Author: Sunny Singh
If you're fairly new to the terminal/CLI (command-line interface), then chances are that you're typing out or copying-and-pasting commands whenever you need to do something. Not only are a lot of commands hard to remember, but you also end up wasting time. If you have a list of commands that you use on a daily basis, then you can save yourself some time by creating aliases. This tutorial will work for both Linux and OS X.
I prefer to keep track of the commands that I've aliased, so the best way to do that is by editing the
.bash_profile file in your user folder. You can do so by typing the following command:
Note that I'm using nano, a simple command-line editor. The
~ part simply finds the file within your user folder (
/Users/Sunny on OS X for me). You are free to find this file through your file explorer and editing it within your preferred editor.
Once you're editing the file, simply place each alias on its own line with the following format:
alias proj='cd ~/Code/Project' alias build='proj && gulp'
You can save this file in nano by pressing
ctrl+w and then
y. Unfortunately you also need to make bash recognize these new commands, so you have to type the following in your terminal to reload it:
You can actually alias that command to something like "savealiases" to make things easier. With these example aliases, you can now type
proj to go to the
Code/Project folder (relative to your user folder). You can also see how to use previously-aliased commands in new commands, such as the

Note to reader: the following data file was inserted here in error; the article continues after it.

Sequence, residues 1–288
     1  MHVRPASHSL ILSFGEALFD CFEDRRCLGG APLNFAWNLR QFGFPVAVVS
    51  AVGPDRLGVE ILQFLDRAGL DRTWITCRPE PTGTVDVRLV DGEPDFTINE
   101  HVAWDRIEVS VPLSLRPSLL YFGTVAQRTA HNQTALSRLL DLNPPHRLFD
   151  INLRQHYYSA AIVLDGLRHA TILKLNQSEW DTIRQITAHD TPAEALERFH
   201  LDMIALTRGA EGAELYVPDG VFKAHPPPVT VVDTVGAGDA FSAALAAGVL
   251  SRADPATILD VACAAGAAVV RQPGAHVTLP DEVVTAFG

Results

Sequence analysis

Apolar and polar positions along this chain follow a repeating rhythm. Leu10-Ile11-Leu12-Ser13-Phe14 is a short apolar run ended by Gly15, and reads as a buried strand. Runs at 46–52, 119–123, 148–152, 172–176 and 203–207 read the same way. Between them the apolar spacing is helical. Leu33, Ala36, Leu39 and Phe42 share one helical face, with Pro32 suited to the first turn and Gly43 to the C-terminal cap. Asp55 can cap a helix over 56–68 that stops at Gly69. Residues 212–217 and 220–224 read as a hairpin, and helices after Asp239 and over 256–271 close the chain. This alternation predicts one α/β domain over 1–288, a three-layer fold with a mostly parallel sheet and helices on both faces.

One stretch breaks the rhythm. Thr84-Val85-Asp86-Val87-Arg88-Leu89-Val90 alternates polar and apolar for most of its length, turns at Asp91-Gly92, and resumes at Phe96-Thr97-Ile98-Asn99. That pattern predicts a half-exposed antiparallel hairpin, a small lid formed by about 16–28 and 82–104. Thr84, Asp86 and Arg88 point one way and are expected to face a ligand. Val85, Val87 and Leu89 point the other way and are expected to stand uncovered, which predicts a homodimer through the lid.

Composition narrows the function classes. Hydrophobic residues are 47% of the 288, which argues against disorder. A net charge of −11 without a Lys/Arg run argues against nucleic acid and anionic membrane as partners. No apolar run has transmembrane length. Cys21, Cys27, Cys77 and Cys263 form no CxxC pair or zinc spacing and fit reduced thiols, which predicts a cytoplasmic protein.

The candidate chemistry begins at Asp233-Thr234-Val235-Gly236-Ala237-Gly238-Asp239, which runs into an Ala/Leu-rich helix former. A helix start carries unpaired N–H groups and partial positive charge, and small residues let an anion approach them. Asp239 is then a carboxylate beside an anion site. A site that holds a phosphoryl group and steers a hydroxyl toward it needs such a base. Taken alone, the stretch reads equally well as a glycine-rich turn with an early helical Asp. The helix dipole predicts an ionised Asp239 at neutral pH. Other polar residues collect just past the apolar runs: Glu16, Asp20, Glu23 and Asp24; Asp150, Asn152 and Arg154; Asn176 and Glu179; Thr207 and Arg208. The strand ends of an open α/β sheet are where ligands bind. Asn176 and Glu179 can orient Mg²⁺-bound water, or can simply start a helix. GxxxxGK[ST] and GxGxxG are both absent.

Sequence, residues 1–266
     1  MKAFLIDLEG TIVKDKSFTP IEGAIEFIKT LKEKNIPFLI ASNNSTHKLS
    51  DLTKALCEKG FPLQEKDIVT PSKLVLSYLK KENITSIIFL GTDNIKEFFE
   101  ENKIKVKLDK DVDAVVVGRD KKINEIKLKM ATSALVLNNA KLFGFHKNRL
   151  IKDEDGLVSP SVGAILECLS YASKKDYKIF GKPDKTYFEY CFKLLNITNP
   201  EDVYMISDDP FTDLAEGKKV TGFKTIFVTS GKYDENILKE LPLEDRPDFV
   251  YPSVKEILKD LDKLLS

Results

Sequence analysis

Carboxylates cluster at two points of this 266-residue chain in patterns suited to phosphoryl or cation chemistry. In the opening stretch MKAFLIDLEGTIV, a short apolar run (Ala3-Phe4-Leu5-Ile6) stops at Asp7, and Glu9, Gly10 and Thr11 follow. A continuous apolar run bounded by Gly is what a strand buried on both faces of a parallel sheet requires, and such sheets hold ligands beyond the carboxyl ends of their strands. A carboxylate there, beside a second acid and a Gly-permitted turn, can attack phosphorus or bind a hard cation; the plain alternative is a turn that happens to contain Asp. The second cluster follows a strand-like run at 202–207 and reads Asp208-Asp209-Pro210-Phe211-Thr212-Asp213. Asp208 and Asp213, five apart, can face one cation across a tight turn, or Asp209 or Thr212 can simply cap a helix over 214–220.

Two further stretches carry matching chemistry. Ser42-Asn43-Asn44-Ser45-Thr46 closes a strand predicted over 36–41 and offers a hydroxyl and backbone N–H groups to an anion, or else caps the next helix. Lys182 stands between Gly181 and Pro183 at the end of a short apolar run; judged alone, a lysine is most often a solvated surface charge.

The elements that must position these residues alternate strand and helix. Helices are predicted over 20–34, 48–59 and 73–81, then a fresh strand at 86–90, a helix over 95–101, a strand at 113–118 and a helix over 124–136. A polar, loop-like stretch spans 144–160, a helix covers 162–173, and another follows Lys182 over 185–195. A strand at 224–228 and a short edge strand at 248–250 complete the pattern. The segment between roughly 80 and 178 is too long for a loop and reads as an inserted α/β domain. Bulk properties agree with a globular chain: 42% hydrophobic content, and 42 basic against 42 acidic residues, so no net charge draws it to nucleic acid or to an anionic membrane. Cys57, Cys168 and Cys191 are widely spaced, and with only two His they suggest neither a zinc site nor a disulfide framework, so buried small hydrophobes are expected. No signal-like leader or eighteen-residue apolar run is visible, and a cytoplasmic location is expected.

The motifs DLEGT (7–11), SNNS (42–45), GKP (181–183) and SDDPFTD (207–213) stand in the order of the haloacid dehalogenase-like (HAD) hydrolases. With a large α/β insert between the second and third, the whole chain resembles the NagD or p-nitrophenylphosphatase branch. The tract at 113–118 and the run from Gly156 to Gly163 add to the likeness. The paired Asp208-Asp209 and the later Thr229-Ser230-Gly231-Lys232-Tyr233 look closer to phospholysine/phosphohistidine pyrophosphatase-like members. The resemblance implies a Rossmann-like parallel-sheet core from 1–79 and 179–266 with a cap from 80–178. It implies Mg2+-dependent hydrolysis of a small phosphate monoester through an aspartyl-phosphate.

build alias (which switches to your project folder, and runs gulp).
You can be as creative as you want with writing aliases, and it depends on your workflow. However, here are some ideas you might find useful:
# Manage Aliases alias editaliases='nano ~/.bash_profile' alias savealiases='. ~/.bash_profile' # SSH Into Remote Server alias server='ssh [email protected]' # SSH Into Local Vagrant Machine alias vm='ssh [email protected] -p 2222' # Clear Terminal Screen alias c='clear' # Shortcuts to directory switching alias ..='cd ..' alias ...='cd ../../../' alias ....='cd ../../../../' alias .....='cd ../../../../'
If you use a terminal every day, then you probably want to improve your workflow to be as efficient as possible. For that, I highly recommend Oh My Zsh which lets you add themes and plugins. I will do a tutorial on this in the future, along with porting over your aliases to Oh My Zsh.
There are also a bunch of people that share their terminal setups at dotfiles.github.io if you want to get into this further.